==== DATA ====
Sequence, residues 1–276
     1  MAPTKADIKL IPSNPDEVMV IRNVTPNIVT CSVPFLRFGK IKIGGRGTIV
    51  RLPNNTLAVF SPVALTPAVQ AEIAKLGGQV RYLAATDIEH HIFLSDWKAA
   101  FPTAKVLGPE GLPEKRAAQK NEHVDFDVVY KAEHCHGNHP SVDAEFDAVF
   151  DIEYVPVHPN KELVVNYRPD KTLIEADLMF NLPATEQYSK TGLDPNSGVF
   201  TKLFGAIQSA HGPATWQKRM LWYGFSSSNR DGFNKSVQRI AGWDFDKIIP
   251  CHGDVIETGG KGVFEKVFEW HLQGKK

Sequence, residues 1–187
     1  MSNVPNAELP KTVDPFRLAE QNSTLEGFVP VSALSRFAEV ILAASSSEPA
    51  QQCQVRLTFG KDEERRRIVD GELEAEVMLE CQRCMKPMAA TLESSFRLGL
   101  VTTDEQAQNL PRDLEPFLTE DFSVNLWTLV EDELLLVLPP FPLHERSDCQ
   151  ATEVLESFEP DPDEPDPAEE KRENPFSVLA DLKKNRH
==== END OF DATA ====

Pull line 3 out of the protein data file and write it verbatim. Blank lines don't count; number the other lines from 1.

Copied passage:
    51  RLPNNTLAVF SPVALTPAVQ AEIAKLGGQV RYLAATDIEH HIFLSDWKAA